Matt: In the US we have a patchwork of regulations that is federal and state. The confusion you are highlighting is something we are all experiencing, even lawyers. Depending how you view them, it looks like something different to every agency. IRS can look at it as property like a gold bar. SEC gets to say we have a different view. Then you have state regulators who think a digital asset is a commodity or currency. It is tough waters to navigate. This opinion doesn’t help make this more clear.
Mark: Do you think bitcoin should be classified like simple international currency?
Justin: It is a difficult question. Often times, regulations are reactive. Regulators are reacting to maybe cryptocurrency is being used in different ways. This is in order to prevent perceived dangers. Espinoza said the plain language of the act does not require a third-party. Facts in front of them is allegedly Espinoza was committing money laundering through cryptocurrency. The question of whether all crypto should be considered currency, is not the point. What needs to happen is a discussion about the implications and determine how it should be treated. It will require regulators all over the country to become familiar with the technology. I would caution regulators not to treat all technology in a monotheistic way.
Mark: Now we have all of these anonymous currencies, lots of diversity now.
Matt: To add, the possibility is open that these things could change in their lifecycle. SEC hints that Ethereum may have been a security at one point, but it no longer is.
Justin: To a hammer, everything is a nail. One of the potential issues is we have securities regulators viewing through a lifetime of experience looking at securities. CFTC is doing the same thing. State and money transmission officers doing the same thing. Tax regulators who do not know what to think of it, look at is as property because it does not look like money. Regulators need to spend more time with a holistic view of what these are.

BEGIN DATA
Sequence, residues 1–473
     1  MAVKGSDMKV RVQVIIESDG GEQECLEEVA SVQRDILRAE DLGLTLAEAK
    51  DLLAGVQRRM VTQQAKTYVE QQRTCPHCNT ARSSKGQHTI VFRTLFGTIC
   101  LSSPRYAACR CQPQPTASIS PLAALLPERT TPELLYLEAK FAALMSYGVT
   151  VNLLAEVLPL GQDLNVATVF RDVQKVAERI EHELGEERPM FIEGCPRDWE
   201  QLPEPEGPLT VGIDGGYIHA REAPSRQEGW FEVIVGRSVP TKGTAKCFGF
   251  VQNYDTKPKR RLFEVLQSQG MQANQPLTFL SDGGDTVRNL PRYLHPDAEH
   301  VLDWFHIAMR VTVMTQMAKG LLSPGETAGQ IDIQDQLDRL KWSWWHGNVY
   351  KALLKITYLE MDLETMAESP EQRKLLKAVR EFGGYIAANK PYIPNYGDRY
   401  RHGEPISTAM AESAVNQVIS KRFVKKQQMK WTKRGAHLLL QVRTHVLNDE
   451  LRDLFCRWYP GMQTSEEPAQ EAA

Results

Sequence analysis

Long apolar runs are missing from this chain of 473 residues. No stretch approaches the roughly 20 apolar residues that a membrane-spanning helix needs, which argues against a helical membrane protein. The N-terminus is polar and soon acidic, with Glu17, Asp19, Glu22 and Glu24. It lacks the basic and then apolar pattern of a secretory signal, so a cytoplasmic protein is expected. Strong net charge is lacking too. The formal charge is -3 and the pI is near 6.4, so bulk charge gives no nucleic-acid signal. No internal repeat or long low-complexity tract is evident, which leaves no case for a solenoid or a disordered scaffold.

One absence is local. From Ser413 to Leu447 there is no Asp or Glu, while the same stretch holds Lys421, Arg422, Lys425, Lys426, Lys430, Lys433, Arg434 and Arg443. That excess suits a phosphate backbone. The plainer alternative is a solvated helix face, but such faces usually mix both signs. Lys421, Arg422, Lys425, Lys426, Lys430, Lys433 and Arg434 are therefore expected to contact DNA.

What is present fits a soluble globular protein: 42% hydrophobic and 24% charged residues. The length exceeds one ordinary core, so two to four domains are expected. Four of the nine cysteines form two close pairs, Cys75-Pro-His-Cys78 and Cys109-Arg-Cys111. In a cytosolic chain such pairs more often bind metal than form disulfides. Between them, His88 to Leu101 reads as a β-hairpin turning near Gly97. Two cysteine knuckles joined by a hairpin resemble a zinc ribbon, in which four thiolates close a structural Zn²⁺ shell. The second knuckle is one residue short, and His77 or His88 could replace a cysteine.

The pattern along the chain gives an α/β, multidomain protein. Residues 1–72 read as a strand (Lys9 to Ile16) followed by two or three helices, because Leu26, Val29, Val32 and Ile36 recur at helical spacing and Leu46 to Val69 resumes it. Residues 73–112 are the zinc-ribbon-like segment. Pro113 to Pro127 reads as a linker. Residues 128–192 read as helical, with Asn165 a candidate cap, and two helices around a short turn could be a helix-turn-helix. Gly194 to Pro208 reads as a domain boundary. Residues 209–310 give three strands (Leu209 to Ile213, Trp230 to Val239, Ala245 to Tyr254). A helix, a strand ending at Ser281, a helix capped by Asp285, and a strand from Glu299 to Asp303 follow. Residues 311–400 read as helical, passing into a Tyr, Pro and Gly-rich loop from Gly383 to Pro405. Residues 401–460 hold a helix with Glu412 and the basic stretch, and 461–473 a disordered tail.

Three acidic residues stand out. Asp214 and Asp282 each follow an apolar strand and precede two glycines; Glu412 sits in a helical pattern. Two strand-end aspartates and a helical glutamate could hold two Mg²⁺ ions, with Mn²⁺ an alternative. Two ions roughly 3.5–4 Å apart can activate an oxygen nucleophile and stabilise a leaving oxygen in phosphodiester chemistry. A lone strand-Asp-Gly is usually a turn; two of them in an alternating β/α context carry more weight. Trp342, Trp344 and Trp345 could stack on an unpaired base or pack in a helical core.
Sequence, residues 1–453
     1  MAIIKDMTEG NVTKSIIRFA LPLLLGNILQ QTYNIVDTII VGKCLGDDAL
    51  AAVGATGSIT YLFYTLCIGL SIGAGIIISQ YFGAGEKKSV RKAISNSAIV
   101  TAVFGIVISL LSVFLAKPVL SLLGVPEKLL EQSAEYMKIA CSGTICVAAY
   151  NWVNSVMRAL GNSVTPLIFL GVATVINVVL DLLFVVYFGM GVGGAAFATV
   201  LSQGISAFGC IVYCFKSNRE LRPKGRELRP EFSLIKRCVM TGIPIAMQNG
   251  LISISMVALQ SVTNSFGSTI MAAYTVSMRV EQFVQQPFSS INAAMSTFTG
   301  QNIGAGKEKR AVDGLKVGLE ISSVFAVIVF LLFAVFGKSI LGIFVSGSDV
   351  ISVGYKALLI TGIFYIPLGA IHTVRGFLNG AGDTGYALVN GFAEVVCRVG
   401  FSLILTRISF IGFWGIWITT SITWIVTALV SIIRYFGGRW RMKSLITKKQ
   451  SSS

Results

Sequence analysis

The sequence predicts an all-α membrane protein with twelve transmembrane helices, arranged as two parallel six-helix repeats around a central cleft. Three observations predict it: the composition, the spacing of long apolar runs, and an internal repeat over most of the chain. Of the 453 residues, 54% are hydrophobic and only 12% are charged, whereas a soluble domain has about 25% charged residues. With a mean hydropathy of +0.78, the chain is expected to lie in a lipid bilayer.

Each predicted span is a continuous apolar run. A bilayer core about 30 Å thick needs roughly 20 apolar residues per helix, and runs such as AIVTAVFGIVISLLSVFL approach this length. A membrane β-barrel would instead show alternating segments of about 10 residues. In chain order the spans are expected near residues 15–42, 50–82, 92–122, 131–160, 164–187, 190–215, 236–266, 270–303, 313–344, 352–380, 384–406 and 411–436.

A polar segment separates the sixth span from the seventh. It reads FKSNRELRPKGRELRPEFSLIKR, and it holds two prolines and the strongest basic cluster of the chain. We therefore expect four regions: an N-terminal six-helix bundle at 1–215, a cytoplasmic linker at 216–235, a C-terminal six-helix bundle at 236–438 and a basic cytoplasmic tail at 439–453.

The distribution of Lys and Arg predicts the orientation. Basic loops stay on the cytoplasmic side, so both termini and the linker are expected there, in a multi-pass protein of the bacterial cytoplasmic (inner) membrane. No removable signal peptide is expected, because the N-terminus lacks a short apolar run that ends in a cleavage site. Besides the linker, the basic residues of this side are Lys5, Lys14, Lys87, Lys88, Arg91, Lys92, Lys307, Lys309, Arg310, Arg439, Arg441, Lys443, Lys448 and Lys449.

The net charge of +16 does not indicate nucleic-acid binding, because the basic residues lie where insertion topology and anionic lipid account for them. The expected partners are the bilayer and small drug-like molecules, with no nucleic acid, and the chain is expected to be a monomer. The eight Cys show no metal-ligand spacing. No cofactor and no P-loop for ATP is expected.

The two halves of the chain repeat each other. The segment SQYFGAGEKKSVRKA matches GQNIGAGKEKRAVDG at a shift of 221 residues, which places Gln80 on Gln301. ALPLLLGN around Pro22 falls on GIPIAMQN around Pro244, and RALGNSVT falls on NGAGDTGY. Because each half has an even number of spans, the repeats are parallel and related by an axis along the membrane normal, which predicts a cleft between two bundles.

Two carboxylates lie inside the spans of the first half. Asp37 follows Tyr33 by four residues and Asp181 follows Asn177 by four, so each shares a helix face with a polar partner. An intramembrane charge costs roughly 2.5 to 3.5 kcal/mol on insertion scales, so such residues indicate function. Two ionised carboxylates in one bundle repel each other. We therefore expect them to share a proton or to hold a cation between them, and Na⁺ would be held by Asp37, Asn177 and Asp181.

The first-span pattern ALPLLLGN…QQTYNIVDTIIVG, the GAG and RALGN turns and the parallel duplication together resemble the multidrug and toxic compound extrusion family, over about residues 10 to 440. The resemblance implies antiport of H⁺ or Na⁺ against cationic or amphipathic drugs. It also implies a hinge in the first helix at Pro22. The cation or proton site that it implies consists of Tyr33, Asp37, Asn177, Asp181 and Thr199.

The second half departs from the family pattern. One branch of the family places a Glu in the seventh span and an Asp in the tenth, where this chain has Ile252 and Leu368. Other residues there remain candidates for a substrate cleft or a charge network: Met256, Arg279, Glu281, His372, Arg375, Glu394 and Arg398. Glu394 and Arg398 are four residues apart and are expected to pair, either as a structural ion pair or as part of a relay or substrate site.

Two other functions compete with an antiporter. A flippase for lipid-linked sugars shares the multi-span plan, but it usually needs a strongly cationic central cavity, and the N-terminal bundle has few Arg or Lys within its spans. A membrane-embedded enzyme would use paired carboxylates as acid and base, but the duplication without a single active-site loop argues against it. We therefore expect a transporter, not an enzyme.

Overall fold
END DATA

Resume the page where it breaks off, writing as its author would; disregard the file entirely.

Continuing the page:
Mark: US values regulation a lot. Do you guys have any experience how other countries are handling this?
Justin: Every regulatory agency in every country is struggling to come up with a solution. Some countries are viewing it as an opportunity and making relaxed regulatory rules. In others, regulations are based on a country’s various concerns.
Mark: With these regulations US is essentially hindering opportunity and people will have to go overseas to do it.
Justin: I do not agree with that. The laws in the US and other countries are very territorial. It doesn’t matter where you are, it matters where you send it into. No amount of leaving the US will change the regulators from regulating. In many instances, the reason people are leaving is to avoid taxes or getting around something they shouldn’t be doing in the first place.